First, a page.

Clovis attorney practices ‘country law’

CNJ staff photo: Liliana Castillo Fred Tharp, 75, is beginning his 41st year as a lawyer in Clovis. “For an old man, I always seem to keep something to do,” he said.

By James Mentink: CNJ Correspondent

It would be tempting to think of Clovis attorney Fred Tharp as a hero in a John Grisham thriller if it weren’t for the fact he sounds like a cowboy and lives nowhere near Grisham’s normal Deep South settings.

He’s a man who spends spare time tinkering with old Mercedes automobiles and his work days practicing what he refers to as ‘country law.’

“It’s a lot easier to say what I don’t do than to say what I do,” Tharp said.

Included in Tharp’s list of cases he doesn’t handle include personal injury, bankruptcy and corporate law. He loves doing adoptions. He’s entering his 41st year of practice and recently was honored with a reception for his 75th birthday, an event that drew 250 people.

“That would definitely be one of the high points in my life,” he said.

Born and schooled in Clovis, Tharp worked in Gallup as a claims adjuster for an insurance company before becoming a manager. He received his law degree from the University of New Mexico and also attended Hardin-Simmons University, where he majored in elementary education with minor studies in English and history. As a result, he is highly knowledgeable in law and history, especially medieval England, where American law finds its roots.

Driven into law by a love for people and a desire to solve their problems, he calls to mind quickly the term used for some attorneys: counselor. Despite his close association to the industry, he is quick to point out that Americans are living in a highly litigious society. When he began practicing law, there was one judge for the district — now there are five.

“The population has far less than doubled,” he said. “Yet we have five times the judges we had 35 to 40 years ago.”

In reference to society’s quickness to file suits, he adds, “I’m sick and tired of hearing we are a nation of laws, not a nation of men.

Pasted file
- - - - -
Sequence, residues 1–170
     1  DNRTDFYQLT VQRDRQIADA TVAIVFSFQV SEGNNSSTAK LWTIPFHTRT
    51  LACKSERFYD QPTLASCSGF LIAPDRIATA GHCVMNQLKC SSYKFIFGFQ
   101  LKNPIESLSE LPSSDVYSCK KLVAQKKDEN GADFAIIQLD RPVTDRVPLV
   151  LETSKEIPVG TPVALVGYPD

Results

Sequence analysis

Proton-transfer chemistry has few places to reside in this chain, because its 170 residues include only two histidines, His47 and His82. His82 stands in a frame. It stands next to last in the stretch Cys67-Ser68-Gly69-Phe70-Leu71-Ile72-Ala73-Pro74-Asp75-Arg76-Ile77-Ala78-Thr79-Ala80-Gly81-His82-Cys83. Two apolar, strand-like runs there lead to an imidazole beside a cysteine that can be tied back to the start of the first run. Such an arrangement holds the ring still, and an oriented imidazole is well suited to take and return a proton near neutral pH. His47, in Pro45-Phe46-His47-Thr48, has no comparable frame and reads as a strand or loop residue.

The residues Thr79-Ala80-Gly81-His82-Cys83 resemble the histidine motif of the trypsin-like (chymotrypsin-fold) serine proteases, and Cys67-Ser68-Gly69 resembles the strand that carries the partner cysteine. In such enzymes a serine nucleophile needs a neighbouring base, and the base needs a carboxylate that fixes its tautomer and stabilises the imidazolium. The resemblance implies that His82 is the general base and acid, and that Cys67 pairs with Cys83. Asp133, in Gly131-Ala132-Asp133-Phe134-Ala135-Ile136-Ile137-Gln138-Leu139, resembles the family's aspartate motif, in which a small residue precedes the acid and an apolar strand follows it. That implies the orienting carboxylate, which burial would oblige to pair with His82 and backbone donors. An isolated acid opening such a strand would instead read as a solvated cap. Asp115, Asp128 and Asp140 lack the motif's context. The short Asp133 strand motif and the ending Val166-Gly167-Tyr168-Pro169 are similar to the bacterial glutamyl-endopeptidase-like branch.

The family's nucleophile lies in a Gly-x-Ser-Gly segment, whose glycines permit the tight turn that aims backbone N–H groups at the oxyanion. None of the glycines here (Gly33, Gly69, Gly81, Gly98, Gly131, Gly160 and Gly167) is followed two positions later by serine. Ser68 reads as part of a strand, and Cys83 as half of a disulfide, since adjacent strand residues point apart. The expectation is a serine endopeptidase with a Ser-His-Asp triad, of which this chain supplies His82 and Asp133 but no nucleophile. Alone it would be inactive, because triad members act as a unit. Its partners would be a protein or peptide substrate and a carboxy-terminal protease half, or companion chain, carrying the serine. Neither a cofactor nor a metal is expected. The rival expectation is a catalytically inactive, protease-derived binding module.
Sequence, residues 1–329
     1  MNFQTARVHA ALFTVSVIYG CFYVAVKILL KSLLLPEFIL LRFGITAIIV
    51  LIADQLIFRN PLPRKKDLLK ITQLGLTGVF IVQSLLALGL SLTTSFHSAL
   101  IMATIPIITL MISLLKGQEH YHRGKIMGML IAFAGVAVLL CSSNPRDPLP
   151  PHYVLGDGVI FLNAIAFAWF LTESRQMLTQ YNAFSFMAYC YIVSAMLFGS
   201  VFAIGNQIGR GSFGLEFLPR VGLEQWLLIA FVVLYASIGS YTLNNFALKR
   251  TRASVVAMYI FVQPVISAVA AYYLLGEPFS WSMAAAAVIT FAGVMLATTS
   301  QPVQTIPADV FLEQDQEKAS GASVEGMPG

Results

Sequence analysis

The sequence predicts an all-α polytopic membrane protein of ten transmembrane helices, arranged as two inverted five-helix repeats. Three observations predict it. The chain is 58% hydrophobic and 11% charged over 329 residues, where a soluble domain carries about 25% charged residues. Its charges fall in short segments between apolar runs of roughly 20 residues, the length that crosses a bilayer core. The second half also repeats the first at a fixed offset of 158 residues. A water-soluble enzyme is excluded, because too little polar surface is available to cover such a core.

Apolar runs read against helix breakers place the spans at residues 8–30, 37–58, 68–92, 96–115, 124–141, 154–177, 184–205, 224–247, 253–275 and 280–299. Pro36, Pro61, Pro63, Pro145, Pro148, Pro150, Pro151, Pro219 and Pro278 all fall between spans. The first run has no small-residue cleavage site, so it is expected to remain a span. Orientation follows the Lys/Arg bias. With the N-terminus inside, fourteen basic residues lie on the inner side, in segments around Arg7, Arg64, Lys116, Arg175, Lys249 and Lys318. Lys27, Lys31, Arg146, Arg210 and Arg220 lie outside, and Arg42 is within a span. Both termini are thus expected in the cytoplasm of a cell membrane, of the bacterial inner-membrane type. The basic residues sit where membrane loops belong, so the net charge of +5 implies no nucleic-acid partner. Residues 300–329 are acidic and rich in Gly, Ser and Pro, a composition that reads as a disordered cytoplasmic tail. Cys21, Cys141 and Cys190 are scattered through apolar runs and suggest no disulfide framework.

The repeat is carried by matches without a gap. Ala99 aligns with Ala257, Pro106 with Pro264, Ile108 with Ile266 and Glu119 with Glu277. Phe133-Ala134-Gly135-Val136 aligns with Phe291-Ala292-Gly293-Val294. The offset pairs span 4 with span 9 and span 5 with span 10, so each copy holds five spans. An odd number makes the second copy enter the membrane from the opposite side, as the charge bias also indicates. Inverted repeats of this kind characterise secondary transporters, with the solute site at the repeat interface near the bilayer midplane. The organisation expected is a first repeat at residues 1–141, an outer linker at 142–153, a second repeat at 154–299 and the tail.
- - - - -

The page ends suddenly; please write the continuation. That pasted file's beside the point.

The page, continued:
“Courts don’t solve problems, men solve problems.”

Tharp said he has no regrets about the way he’s practiced law over the years. Early in his career, he was a clerk to the Honorable Joe Wood, an appellate judge, and Tharp also became New Mexico’s first public defender.

The highest fee he ever collected was $250,000 in an $11 million settlement in a family trust case, where he was one of several lawyers.

Fern Tredway, Tharp’s assistant for more than 18 years, said when she was hired she was told family was more important than work, and if she didn’t feel that way herself she should probably seek employment somewhere else.

“Fred’s always understood if I’ve needed to take time for family, the kids and other things that have come up,” she said.

Tredway also notes that Tharp has a history of helping people even when they couldn’t pay him.

In Tharp’s reception area, a plaque hangs on the wall. On it is a quote by Abraham Lincoln, which originally appeared in his Notes for a Law Lecture. Phrases such as ‘Discourage litigation,’ ‘Persuade your neighbors to compromise’ and ‘As a peacemaker the lawyer has a superior opportunity to be a good man’ are strewn across its face.

The plaque, he said, is his life motto.

Tharp said he ‘may have outlived his usefulness’ but doesn’t see himself retiring.

“I just keep coming in as long as there are people to help.”